Still Swingin’

Murry’s marks 32 years of good food and cool jazz.

Ask three locals where you can find battered and fried green peppers served up hot with a generous sprinkle of powdered sugar, and odds are at least two of them will know exactly where to send you. The same goes for Bob’s Bobs and Blue Chips Cheese Bread.

These dishes may surprise the uninitiated, but will lure them back to Murry’s again and again. The menu at Murry’s notably is free of cumbersome descriptions, and many Columbians know it by heart. After all, they’ve been ordering from that menu for more than 30 years, and it remains largely unchanged.

The Murry’s faithful keep coming back, out of the bright sun and into the dimly lit place with the marble tabletops and Miles Davis recordings reminding them that they need more jazz in their lives. They leave their troubles with the stone gargoyle at the entrance and check out the desserts on the board before picking up a menu they don’t really need. There’s a certain trust on the part of Murry’s regulars that whatever comes out of Bill and Gary’s kitchen is going to be good.

Bill Sheals and Gary Moore are friends and business partners who don’t take life or work too seriously. Their restaurant, after all, is named after a plant from Booches Billiard Hall, if that tells you anything. Conflicting reports say the original Murry was actually a patron, but Bill swears it was a plant. It’s possible the gargoyle knows the whole truth, but he isn’t telling.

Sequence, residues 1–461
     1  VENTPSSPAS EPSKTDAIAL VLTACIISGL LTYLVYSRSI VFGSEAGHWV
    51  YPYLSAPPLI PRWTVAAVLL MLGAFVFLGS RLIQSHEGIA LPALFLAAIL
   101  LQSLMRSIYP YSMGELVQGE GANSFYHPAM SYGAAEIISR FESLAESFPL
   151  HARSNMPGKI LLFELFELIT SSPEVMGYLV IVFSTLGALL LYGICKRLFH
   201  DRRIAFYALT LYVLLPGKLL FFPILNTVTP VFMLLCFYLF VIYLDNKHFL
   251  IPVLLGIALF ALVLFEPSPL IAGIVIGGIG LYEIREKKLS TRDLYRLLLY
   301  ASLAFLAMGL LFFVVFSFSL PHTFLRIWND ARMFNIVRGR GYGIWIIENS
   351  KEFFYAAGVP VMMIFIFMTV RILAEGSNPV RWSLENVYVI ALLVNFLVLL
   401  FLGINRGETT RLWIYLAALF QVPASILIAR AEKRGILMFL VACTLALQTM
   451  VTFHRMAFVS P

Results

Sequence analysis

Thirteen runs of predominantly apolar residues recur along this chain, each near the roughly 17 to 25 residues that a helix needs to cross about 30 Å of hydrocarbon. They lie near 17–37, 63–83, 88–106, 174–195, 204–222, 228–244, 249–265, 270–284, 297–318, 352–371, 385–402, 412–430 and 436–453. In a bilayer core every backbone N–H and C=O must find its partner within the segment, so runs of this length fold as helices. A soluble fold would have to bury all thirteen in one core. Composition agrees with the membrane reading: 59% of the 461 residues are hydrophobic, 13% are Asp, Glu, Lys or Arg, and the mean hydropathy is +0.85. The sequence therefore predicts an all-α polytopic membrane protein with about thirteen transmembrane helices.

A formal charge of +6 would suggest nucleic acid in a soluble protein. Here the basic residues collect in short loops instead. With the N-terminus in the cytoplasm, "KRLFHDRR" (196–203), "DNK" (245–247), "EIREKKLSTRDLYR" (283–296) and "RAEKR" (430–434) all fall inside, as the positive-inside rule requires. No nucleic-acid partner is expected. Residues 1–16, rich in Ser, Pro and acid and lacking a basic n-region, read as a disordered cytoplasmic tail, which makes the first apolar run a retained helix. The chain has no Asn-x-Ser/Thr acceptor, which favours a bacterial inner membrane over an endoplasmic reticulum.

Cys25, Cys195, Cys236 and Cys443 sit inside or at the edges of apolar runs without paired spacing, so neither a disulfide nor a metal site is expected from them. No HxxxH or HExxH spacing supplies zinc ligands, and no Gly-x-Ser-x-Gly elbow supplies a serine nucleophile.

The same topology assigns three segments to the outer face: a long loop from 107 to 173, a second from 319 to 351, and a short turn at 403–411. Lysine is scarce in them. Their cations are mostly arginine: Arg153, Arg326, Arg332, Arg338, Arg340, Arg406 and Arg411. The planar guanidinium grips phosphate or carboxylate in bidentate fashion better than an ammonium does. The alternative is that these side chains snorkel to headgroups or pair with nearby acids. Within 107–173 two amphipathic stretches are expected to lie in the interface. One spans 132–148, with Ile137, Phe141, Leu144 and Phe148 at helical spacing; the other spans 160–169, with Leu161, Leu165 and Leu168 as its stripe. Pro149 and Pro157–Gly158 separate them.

That’s another point of contention. Bill says it’s not a gargoyle, but whatever it is, it has been greeting patrons at the door wearing a fashionable hat for 32 years. There must be a colossal hat rack somewhere in the back because regulars claim they’ve never seen the same hat twice. Bill is still sad about the (not) gargoyle’s high school marching band shako that went missing a few years back; he really liked that one. Pilfered hats aside, there is still much to be happy about in this, their 32nd year of “good food and good jazz,” as the motto says. And such is the pace of the place. The restaurant has taken on the spirit of its owners — laid back and full of good cheer, as long as the jazz is humming in the background.

“Good food is easy. There are no recipes,” Bill says. Start with good ingredients and try not to screw it up.
It seems they’ve extrapolated this approach to life itself, with their little chunk of a strip mall off Green Meadows Road. In 1985, the guys set out to create a place where you could go get a great meal in shorts and a T-shirt. They envisioned a casual place for any occasion or no occasion at all, where you can spend 20 or 120 bucks if you are so inspired.

While everything on the menu is a la carte, there are prices that an underpaid jazz musician can afford, while a record label executive would be hard pressed to find a better filet or shot of whiskey on that side of town. Take the tuna, pesto and feta sandwich. Bill points out that a similar sandwich can be found in a fair number of places. This pesto, though, arguably is the best around, as is the tuna itself. Bill knows that; he’s just being polite. His crew in the back makes the pesto daily. This rare tuna steak is dressed to the nines, and you won’t find a tastier sandwich for less than $7 anywhere. Add a side of fries or onion rings (both are big enough to share) and a glass of rosé for the perfect lunch.

Should you bring the kids? You can, of course, but the ambiance may be lost on them. Murry’s wants to be a place for grown ups. If the kids can listen to Coltrane’s “A Love Supreme” all the way through, then they’ve earned a seat at the table; otherwise, this is a perfect place for date night, a business lunch or ladies’ night out. And if you’re going solo, you will feel right home at a table or the bar by yourself. The important thing is that you go if you have not been and if you just haven’t made it over there in a while, let this be a reminder that your green peppers with powdered sugar are waiting for you.

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